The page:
Next Sunday we are having a party to celebrate the Queen’s 90th birthday. All the neighbours along our particular stretch of what is a busy main road are coming together for a festive lunch. That in itself is quite an achievement – for we are not a natural community. It is so much easier to be neighbours when you live in ‘cul-de-sac’ (‘dead-end’ road for those not from the UK) or on some quiet street. In the normal course of events we scarcely see one another – let alone talk to one another. But the Queen has brought us together – or at least she has become the excuse for an exercise in neighbourliness.
No doubt when we come together on Sunday we shall talk about the Queen. We will again ask the question ‘Will the Queen ever retire?’ On present form, the answer is clearly ‘no’. I confess that at times I feel uneasy at the way in which the Queen continues to be so active. Two years ago I was present in the congregation when she together with the Duke of Edinburgh came to Chelmsford Cathedral to celebrate the centenary of the diocese – as I saw this stooped elderly couple walk down the aisle I felt guilty at the way in which so many of us in the UK are happy to encourage them to continue to fulfil their royal duties. Surely when you reach your 90th birthday you entitled to put your feet up?
This in turn brings to mind a conversation I had earlier today with my 94 year-old mother. My mother, who is almost blind and is in a care home, spends a good deal of her time listening to audio-books supplied by the Royal National Institute for the Blind and by the Torch Trust (a Christian outfit which supplies ‘wholesome’ Christian books!). Today she said that she sometimes felt guilty spending listening to all these books – would God approve of this use of time? My answer was a definite ‘yes’. I reminded her that we go through different seasons in life: there is a time for actively serving God, and there is a time for resting.
Or is there? Recently I read Aging Matters: Finding Your Calling for the Rest of Your Life (Eerdmans Grand Rapids 2016) by Paul Stevens, a professor emeritus attached to Regent College, Vancouver. He argues that we should work until we die. He quotes James Houston, the founding president of Regent College: “Retirement is not in the language of the Christian”. He points out that the Bible knows nothing of what we call retirement, except one obscure reference in Numbers 8.23-25, where the Levites were to retire at age fifty.
Stevens quotes with approval George Vaillant who said that retirement can be a rewarding thing if four things are done:
- Retirees should replace their work mates with another social network
- They must rediscover how to play
- They must cultivate creativity. Vaillant notes that Moment did not begin his water lily panels until 76; Benjamin Franklin invented bifocals at 78; Leopold Stokowski signed a recording contract at 94; and Grandma Moses was still painting at 100!
- They should continue life-long learning.
Stevens goes on to speak of the opportunities for development that ‘retirement’ offers. It can open up possibilities of work that better fit one’s gifts, talents, personality, and life experience.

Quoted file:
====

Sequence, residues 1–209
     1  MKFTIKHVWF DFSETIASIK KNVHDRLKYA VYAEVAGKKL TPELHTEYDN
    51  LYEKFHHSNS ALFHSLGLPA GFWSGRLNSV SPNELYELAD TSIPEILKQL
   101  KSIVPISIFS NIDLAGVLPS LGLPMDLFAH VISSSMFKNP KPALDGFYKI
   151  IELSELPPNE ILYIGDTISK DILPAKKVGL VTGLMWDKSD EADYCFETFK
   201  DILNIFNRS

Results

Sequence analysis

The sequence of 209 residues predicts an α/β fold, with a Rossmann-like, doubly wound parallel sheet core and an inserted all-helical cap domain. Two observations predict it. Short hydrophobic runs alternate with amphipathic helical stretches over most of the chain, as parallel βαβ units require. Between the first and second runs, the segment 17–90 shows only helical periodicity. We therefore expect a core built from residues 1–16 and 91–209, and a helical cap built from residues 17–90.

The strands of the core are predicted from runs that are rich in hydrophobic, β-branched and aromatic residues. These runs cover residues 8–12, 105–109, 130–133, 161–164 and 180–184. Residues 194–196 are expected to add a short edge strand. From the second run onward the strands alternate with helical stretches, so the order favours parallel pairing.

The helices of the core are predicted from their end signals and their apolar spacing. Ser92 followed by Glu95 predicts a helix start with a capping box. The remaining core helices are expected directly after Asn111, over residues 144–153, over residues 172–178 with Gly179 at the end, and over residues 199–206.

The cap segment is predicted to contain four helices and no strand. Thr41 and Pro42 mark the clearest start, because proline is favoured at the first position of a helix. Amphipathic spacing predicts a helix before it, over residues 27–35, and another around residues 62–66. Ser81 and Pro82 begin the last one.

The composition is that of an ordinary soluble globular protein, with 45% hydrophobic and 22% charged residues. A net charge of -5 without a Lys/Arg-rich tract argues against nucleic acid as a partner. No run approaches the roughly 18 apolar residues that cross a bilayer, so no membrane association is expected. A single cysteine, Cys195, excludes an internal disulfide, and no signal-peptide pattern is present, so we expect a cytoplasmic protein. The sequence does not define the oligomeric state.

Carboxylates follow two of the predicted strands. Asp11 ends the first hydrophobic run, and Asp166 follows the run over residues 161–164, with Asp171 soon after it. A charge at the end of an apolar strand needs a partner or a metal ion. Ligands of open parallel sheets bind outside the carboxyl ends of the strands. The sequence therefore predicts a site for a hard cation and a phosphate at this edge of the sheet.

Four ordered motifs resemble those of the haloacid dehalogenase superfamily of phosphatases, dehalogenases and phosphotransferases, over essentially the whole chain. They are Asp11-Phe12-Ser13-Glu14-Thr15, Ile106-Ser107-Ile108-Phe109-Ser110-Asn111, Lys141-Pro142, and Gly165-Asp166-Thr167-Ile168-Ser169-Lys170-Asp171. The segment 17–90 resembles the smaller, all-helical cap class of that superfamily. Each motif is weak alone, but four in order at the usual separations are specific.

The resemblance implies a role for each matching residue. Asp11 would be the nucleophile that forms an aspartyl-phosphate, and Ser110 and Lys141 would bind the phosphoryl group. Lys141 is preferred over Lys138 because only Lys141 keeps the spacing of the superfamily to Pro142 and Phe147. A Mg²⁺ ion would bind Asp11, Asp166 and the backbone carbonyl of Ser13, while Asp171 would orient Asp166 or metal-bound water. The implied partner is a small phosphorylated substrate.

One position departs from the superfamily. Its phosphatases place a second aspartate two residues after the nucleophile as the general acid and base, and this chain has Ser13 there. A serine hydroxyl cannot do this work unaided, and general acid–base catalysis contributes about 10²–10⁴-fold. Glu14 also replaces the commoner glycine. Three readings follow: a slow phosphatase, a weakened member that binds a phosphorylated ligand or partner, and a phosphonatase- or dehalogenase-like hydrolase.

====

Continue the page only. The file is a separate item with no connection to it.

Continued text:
At my particular stage in life I happily agree with Stevens. Although I have been officially ‘retired’ for over two years, I could not dream of frittering my life away on the golf-course. Instead the moment Caroline goes off to work, that moment I go to my library and sit down at my desk and work. This week, for instance, I have prepared two Bible studies and written three articles – and have been busy making preparations for my year as president of my local Rotary club.
The other week Caroline and I were having supper with two ‘retired’ friends, when the other husband who has his finger in a host of ‘pies’, asked almost out of the blue, “Paul, do you have a three or five year plan for the next stage of your life?” It so happens that I do have a three year plan. But what will happen as I grow older? Should I still be having a three year plan for my life were I, like the Queen, to reach my 90th birthday? Does there come a stage when even the Calebs of this world are no longer up to scaling mountains?
At my final annual appraisal when ‘retirement’ was beckoning, the external ministerial facilitator asked me two questions. First he asked me what my plans were for retirement – whereupon I launched into a list of goals I had set myself. He then asked: ‘And what if in the first year of your retirement you have a major stroke or go ‘ga-ga’?” Wow! That second question was a blow below the belt. Yet it was a wise question: for it reminded me that ultimately there will come a time when I need to ‘be’ rather than to ‘do’ – and what then?
Although Scriptures don’t give much guidance, there is a word from the Psalmist which seems to me to be apposite: “So teach us to count our days that we may gain a wise heart” (Psalm 90.12 NRSV). Ultimately it seems to me that the challenge of retirement is to grow in wisdom. Or as Lord Douglas Home, the former British Conservative Prime Minister, said: “Retirement is one’s last chance to get priorities ordered”.